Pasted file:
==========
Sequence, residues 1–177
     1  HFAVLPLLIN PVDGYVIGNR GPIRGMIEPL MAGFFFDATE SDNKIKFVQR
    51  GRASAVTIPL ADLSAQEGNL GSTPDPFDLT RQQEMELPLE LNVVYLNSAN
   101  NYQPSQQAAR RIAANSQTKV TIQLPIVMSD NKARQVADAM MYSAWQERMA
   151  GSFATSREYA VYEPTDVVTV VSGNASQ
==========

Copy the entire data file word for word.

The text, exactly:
Sequence, residues 1–177
     1  HFAVLPLLIN PVDGYVIGNR GPIRGMIEPL MAGFFFDATE SDNKIKFVQR
    51  GRASAVTIPL ADLSAQEGNL GSTPDPFDLT RQQEMELPLE LNVVYLNSAN
   101  NYQPSQQAAR RIAANSQTKV TIQLPIVMSD NKARQVADAM MYSAWQERMA
   151  GSFATSREYA VYEPTDVVTV VSGNASQ